Myanmar opposition leader Aung San Suu Kyi will stand in an election for the first time after her party voted to rejoin politics as the former military dictatorship undertakes democratic reforms.
Suu Kyi will lead a slate of candidates in upcoming by- elections after her National League for Democracy said on Nov. 18 it would formally re-register as a political party, spokesman Nyan Win said by phone today. The party boycotted an election last year won by allies of the former ruling junta.
“We’ll try our best,” Nyan Win said, adding that the Election Commission hasn’t set a date for the by-election. The party’s candidates will be mostly youth and ethnic minorities, he said.
President Thein Sein has moved to end Myanmar’s political isolation since taking power nine months ago, releasing political prisoners, legalizing unions and lifting censorship of media outlets like the BBC. President Barack Obama last week said he’d dispatch Hillary Clinton to Myanmar after seeing “flickers of progress,” the first visit by a U.S. secretary of state in more than five decades.
Representatives from the U.S. and Europe have been traveling to the country formerly known as Burma in recent months as they review financial and economic sanctions. The 10- member Association of Southeast Asian Nations agreed Nov. 17 that Myanmar will chair the group in 2014, a move they say will provide further momentum for changes.
Earlier this month, Thein Sein updated the law to pave the way for Suu Kyi’s party to re-enter the political process and contest 48 seats in by-elections, opposition news outlet Mizzima reported. Suu Kyi, who spent 15 of the past 22 years under house arrest, has called on Thein Sein to free more than 500 political prisoners still behind bars.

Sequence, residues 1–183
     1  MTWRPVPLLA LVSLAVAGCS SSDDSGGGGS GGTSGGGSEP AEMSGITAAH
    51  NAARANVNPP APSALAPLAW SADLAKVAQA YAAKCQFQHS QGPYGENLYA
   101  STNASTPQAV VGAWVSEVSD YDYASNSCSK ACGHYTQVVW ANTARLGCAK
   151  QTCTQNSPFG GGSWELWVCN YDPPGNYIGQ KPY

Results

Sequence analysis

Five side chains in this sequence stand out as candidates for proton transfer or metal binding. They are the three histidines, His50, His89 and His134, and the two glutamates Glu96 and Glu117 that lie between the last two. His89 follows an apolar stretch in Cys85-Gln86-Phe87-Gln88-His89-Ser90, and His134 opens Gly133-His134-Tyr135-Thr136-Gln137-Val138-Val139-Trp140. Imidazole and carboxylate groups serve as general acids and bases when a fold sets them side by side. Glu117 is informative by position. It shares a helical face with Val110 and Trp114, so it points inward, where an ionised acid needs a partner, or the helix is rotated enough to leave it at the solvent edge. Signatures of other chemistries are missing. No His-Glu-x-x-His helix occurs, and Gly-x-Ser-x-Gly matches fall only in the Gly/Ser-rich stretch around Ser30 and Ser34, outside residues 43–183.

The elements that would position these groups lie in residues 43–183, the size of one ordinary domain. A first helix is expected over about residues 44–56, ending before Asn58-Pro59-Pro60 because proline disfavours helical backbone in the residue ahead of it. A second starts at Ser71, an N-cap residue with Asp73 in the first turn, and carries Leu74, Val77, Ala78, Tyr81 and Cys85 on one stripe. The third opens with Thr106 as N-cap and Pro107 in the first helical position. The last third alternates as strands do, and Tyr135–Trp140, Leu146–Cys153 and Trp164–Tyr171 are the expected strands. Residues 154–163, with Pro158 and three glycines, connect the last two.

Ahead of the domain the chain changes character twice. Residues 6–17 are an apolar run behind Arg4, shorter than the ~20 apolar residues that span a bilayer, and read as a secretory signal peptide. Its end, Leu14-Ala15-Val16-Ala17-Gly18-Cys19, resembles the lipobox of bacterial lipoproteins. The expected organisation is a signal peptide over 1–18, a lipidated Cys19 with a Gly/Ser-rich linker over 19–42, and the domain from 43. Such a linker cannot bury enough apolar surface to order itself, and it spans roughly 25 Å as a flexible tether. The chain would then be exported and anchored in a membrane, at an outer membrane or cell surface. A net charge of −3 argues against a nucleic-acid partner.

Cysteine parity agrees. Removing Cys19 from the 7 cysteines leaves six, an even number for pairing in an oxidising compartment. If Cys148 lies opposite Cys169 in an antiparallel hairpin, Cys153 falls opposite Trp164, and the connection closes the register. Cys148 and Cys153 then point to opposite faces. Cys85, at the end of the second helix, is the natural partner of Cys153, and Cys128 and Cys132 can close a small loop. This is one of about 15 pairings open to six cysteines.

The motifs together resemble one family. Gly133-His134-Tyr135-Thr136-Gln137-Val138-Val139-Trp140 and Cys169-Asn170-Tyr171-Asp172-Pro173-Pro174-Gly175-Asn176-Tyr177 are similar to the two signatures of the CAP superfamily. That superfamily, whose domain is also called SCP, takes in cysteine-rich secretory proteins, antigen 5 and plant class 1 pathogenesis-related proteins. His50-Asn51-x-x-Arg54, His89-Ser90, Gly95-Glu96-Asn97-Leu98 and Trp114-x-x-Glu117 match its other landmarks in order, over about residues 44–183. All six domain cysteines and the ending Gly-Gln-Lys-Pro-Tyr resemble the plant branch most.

Thein Sein’s Union Solidarity and Development Party, backed by the former ruling junta, won about 80 percent of 664 seats in the election. The military retains a quarter of seats in the two houses of parliament, according to the constitution.
Suu Kyi was banned from standing in a 1990 election in which the NLD won 80 percent of seats because the ruling junta designated her a foreigner because of her marriage to British scholar Michael Aris, who died in 1999. The generals later voided the results.
U.S. sanctions ban new investment, imports from Myanmar and transfer of funds into the country. Europe’s restrictive measures are less severe, including bans on weapons sales and mining investments.
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